“Every time I rejected him my job, my benefits and my title were threatened,” she added, referring to a pattern of alleged harassment on the part of the sheriff that lasted from the moment she was hired to the moment she resigned.
Most ominously, Nabors’ blog post accused Lewis of drugging and raping her during a taxpayer-funded business trip to Charlotte, N.C. in March of 2017.
Last October, Nabors detailed these allegations further in a bombshell civil suit – news of which was also exclusively reported by our site.
According to Nabors’ pleading, Lewis began to sexually harass her “almost immediately after (she) began her employment” with the sheriff’s office in December 2016. This harassment culminated with the alleged assault at a Hyatt hotel in downtown Charlotte, N.C.
According to Nabors’ version of events, Lewis came to her hotel room shortly before midnight on March 7, 2017 to retrieve some alcohol he had entrusted to her care earlier in the day. Upon entering her room, Lewis is alleged to have poured each of them a glass “of what appeared to be a brown liquor.”
“(Nabors) had a few sips of her drink, and she began to feel uncomfortable,” the complaint alleges. “(She) does not recall the Sheriff drinking any of the drink that he poured for himself.”
Nabors then claimed to have resisted several romantic advances made by Lewis, who allegedly told her “that she needed to relax.” At that point, Nabors claimed she “began to slip in and out of consciousness.”
Here is a key excerpt from Nabors’ pleading …
(Nabors) remembers regaining consciousness when the Sheriff was on top of her, having sex with her. It took (her) a second to realize what was happening and she had no idea how long it had gone on. The Sheriff asked (her) if she was ready for him to “finish,” and (she) said yes. The Sheriff then giggled, making a joke about how long he could “last,” and added that he was sure (Nabors) was not used to that. (Nabors) then lost consciousness again.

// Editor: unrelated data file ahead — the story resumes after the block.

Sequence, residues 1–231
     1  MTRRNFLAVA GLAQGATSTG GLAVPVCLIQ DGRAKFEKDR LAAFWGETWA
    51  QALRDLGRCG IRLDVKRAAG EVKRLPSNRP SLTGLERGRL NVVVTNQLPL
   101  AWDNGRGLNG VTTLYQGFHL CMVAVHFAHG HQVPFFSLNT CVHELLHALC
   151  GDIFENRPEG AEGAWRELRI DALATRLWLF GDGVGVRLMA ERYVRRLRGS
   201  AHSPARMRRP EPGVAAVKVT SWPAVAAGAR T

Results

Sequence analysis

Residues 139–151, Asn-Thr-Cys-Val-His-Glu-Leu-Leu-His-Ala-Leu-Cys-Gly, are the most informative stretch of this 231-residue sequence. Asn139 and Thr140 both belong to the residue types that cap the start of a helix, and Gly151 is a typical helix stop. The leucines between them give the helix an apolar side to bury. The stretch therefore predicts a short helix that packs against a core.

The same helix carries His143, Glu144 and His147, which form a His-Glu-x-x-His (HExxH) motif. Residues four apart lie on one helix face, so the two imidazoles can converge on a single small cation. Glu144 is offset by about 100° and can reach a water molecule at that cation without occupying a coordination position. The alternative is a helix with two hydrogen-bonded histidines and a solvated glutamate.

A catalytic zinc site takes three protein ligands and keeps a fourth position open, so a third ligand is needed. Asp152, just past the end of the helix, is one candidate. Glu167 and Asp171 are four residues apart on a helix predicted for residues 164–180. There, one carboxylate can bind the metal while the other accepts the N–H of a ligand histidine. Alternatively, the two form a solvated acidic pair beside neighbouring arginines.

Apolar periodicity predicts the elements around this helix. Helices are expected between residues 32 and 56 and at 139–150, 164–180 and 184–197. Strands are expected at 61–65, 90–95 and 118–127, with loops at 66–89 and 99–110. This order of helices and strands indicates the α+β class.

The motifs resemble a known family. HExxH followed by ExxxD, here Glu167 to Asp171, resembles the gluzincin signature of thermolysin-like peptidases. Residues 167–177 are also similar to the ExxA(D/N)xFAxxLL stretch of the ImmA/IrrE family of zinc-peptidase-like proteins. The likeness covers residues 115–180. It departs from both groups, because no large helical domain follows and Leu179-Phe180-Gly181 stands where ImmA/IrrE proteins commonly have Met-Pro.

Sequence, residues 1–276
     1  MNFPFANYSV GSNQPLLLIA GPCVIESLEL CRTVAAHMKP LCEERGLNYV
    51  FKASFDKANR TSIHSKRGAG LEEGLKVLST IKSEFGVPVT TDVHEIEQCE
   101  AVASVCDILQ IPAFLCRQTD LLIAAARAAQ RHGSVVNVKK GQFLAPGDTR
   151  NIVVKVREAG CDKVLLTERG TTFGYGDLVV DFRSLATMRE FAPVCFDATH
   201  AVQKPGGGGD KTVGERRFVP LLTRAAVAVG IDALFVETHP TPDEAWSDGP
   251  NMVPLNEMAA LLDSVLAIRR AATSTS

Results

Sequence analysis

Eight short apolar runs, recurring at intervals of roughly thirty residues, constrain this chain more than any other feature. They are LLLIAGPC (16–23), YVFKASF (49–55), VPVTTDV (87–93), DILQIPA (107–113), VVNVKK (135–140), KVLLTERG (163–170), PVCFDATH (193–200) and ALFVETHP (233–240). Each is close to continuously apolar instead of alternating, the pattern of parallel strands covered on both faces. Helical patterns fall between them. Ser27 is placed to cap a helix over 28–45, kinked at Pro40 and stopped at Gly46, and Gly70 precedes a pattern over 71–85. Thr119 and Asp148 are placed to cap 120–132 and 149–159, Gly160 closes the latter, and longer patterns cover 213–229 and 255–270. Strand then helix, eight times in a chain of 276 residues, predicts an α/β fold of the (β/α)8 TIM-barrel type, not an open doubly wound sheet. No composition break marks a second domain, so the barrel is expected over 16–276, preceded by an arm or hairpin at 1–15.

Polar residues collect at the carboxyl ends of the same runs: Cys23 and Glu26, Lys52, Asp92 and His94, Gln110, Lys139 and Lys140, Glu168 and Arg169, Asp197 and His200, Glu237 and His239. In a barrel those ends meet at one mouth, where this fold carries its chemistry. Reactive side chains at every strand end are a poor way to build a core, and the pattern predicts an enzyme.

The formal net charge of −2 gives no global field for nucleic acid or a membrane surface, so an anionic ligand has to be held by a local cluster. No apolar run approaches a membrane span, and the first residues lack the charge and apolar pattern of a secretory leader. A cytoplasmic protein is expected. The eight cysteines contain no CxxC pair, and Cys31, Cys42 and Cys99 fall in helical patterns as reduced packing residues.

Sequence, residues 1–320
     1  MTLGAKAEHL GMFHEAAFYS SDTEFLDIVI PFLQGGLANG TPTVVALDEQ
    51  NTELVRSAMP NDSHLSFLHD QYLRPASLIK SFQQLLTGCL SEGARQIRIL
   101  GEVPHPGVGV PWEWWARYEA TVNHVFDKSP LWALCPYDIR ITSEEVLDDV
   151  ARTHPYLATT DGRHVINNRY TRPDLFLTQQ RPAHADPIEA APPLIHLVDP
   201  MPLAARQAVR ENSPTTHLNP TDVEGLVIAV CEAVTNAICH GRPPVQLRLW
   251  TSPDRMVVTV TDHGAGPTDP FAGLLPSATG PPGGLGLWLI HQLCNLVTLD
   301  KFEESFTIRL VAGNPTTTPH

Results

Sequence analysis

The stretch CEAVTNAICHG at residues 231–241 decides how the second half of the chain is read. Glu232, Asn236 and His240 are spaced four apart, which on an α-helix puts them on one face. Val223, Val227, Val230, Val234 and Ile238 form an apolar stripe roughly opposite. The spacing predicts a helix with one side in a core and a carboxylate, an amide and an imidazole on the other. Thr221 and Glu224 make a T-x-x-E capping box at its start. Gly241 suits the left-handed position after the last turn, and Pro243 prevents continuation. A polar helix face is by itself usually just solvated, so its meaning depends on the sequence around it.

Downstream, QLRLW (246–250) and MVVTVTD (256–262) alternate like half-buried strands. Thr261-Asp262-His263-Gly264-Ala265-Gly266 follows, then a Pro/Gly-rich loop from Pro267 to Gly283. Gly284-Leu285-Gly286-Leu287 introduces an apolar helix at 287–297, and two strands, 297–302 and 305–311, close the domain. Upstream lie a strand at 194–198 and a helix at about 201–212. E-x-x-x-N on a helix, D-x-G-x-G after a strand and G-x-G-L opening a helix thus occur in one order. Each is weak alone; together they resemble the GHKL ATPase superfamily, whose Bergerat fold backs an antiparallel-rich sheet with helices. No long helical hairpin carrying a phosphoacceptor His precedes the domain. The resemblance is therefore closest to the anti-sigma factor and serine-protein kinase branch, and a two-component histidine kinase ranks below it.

Nabors also accused Lewis of committing a second sexual assault against her the following day – allegedly waking up to discover him “fingering” her without her consent.
In addition to these graphic details of unwanted sexual contact, Nabors’ lawsuit (and subsequent statements to law enforcement) also centered around numerous audio recordings she made of her and Lewis. In one of these recordings, Lewis discussed his plans to further an affair with her on the taxpayer dime – and cover it up.
“You wanna go to Reno?” Lewis asked Nabors on one of the recordings, referring to a national sheriff’s association conference.
“If I got a chance yeah I wanna go anywhere I can go,” she responded.
Lewis then told Nabors he would have to see “what the county will pay for” as it related to hotel rooms for the trip.
“I’m fine with it if the county’s only gonna pay for one room,” he told Nabors.
“I don’t see how that’s gonna work,” Nabors replied. “That’s too risky if somebody were to find out.”
“Ain’t nobody gonna find out – because nobody is going to be out there from South Carolina,” Lewis responded. “Nobody is going to find out. That’s the whole point.”
Nabors continued to demur, prompting Lewis (below) to tell her he was calling off the trip.
(Click to view)
“Well I’m probably not going to go then,” he said.
Investigators have extensively reviewed Nabors’ recordings, we’re told, which document his harassing behavior.